London Met Police live facial recognition system raises privacy, security concerns

News by Chandu Gopalakrishnan

Rights groups raise concerns about the legality of London Met Police’s surveillance software and its impact on privacy

The London Metropolitan Police is to begin using live facial recognition (LFR) technology on a standard basis. Privacy groups have raised concerns about the legality of the surveillance software and its impact on privacy.

“As a modern police force, I believe that we have a duty to use new technologies to keep people safe in London. Independent research has shown that the public support us in this regard. Prior to deployment we will be engaging with our partners and communities at a local level,” assistant commissioner Nick Ephgrave said in the Met Police statement on the development.

The LFR will be initially deployed at locations where serious offenders are frequently spotted, said the announcement. “Each deployment will have a bespoke ‘watch list’, made up of images of wanted individuals, predominantly those wanted for serious and violent offences.”

“Equally I have to be sure that we have the right safeguards and transparency in place to ensure that we protect people’s privacy and human rights. I believe our careful and considered deployment of live facial recognition strikes that balance,” assistant commissioner Ephgrave added in the statement.

However, that assurance seems to have failed in alleviating privacy concerns.

Civil and human rights organisation Liberty, which represented activist Ed Bridges in his failed attempt to stop South Wales Police (SWP) from using automatic facial recognition (AFR), called the development a “sinister step” that will push the UK into a “surveillance state”.

“This is a dangerous, oppressive and completely unjustified move by the Met. Facial recognition technology gives the State unprecedented power to track and monitor any one of us, destroying our privacy and our free expression,” said Liberty’s advocacy director Claire Coolier in a statement.

“Rolling out a mass surveillance tool that has been rejected by democracies and embraced by oppressive regimes is a dangerous and sinister step. It pushes us towards a surveillance state in which our freedom to live our lives free from State interference no longer exists.”

Privacy groups say that the Metropolitan Police has been using live facial recognition in public for years with no public or parliamentary debate.

Ed Bridges last year lost his case against South Wales Police over the use of AFR. His crowdfunded appeal was the world’s first legal challenge over police use of facial recognition technology.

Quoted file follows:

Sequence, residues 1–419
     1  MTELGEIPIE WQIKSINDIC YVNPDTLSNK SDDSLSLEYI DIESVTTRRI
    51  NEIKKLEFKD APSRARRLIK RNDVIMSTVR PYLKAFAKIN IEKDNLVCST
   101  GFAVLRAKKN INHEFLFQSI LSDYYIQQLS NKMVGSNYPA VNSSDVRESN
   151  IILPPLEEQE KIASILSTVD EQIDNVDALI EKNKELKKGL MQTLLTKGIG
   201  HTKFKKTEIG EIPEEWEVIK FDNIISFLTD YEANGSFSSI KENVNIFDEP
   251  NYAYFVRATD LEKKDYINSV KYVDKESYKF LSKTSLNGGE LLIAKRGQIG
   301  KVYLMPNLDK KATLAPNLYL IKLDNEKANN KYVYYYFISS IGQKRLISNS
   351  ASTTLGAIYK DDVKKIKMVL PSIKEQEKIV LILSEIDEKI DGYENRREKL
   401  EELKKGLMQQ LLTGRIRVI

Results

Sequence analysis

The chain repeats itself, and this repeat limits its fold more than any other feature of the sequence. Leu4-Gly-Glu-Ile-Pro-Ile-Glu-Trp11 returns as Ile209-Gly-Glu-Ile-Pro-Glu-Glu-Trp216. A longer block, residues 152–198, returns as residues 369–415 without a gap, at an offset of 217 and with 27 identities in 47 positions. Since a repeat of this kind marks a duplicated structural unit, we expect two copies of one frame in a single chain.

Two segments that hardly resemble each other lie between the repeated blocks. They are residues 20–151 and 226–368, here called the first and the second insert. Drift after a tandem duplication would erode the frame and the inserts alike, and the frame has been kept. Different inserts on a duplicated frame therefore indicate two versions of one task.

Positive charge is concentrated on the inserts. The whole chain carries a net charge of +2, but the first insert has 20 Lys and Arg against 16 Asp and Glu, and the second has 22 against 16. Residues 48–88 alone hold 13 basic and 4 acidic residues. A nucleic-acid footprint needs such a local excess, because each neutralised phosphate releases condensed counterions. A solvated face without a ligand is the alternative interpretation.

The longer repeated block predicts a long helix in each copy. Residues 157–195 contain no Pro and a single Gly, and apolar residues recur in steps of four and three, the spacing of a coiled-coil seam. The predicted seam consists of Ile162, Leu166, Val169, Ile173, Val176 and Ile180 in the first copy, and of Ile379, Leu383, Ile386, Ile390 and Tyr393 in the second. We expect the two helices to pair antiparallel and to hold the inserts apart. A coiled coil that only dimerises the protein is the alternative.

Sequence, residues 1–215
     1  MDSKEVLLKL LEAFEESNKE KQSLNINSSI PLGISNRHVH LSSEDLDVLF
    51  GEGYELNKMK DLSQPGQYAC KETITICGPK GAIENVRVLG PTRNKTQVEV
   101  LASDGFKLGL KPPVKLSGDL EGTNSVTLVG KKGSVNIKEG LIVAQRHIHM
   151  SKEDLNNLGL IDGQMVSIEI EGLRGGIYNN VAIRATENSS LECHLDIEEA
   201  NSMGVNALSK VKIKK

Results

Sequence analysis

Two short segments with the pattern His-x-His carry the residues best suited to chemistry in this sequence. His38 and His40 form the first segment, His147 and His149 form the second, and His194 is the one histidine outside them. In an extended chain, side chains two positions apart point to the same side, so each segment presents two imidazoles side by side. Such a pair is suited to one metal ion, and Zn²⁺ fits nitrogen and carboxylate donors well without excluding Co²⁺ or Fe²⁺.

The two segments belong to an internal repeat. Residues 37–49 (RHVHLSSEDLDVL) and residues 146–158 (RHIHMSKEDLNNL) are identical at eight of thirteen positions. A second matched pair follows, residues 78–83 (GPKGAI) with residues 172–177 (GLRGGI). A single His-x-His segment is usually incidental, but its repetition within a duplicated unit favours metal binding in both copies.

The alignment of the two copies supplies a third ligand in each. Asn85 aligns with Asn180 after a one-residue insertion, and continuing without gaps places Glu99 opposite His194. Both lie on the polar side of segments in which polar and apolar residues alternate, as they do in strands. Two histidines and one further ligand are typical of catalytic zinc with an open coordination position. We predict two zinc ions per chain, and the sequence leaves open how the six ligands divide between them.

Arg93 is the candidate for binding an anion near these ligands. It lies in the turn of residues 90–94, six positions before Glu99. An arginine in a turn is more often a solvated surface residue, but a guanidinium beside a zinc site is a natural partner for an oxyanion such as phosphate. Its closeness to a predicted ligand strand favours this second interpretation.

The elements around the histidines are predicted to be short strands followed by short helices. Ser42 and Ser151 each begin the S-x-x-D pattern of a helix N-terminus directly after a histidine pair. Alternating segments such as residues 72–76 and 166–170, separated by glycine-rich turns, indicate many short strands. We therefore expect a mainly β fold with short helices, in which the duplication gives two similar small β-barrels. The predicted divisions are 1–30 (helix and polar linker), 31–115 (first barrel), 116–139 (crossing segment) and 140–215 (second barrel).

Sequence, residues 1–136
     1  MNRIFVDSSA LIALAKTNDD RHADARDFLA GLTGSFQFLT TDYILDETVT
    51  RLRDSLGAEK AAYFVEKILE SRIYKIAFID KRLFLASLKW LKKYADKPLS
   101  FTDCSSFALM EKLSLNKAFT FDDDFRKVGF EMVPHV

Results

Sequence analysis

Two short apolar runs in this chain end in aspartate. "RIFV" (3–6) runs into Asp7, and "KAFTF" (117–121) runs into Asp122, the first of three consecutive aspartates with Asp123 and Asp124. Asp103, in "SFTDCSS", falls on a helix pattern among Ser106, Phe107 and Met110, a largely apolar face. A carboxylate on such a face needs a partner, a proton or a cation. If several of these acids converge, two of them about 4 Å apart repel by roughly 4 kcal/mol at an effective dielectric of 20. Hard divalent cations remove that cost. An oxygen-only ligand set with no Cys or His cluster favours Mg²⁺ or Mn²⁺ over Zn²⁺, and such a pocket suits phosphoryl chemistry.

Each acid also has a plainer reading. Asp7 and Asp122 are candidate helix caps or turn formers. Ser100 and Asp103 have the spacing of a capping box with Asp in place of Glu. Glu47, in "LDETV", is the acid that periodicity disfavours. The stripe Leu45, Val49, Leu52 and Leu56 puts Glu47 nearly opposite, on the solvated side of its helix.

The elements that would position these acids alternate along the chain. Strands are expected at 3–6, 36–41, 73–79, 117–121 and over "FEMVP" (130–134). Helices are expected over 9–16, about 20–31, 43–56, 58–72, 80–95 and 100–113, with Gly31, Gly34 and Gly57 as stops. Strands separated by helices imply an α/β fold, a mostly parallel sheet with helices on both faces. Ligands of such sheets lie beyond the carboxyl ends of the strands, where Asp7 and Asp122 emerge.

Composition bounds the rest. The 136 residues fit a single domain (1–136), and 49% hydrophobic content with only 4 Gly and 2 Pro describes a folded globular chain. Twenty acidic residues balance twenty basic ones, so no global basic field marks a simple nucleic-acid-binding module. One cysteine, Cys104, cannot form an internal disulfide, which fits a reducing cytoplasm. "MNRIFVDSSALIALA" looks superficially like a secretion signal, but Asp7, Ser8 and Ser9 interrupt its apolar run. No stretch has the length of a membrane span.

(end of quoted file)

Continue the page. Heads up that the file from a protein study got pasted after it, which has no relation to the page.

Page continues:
The court went with the police’s claim that the AFR apparatus is placed in public not a form of covert surveillance that would contravene Regulation of Investigatory Powers Act 2000, which states that "surveillance is covert if, and only if, it is carried out in a manner that is calculated to ensure that persons who are subject to the surveillance are unaware that it is or may be taking place".

The plan is announced at a time when the European Union is considering a possible five-year ban on the use of facial recognition technology while it figures out how to properly regulate it.

It was reported earlier that parliamentary committees have called for a pause in the use of the technology until a statutory footing is imposed on them, but both the Metropolitan Police and the Information Commissioner's Office maintains that using the technology is lawful.

VPNMentor last year found out that a security tool named Biostar 2, used by the Metropolitan Police among others, allowed access to biometric data including more than a million fingerprints.

“The concerns over the security of biometrics are not altogether unjustified, with fears being raised over hackers gaining access to sensitive data and regulators admitting they need more time to work out how to prevent the technology being abused,” commented Simon Wood, CEO of Ubisecure.

There are several ways for criminals to circumvent facial recognition surveillance, including the use of deepfakes, said Steve Povolny, head of McAfee Advanced Threat Research. 

“Enhanced computers can rapidly process numerous biometrics of a face, and mathematically build or classify human features, among many other applications. While the technical benefits are impressive, underlying flaws inherent in all types of models represent a rapidly growing threat,” he explained.

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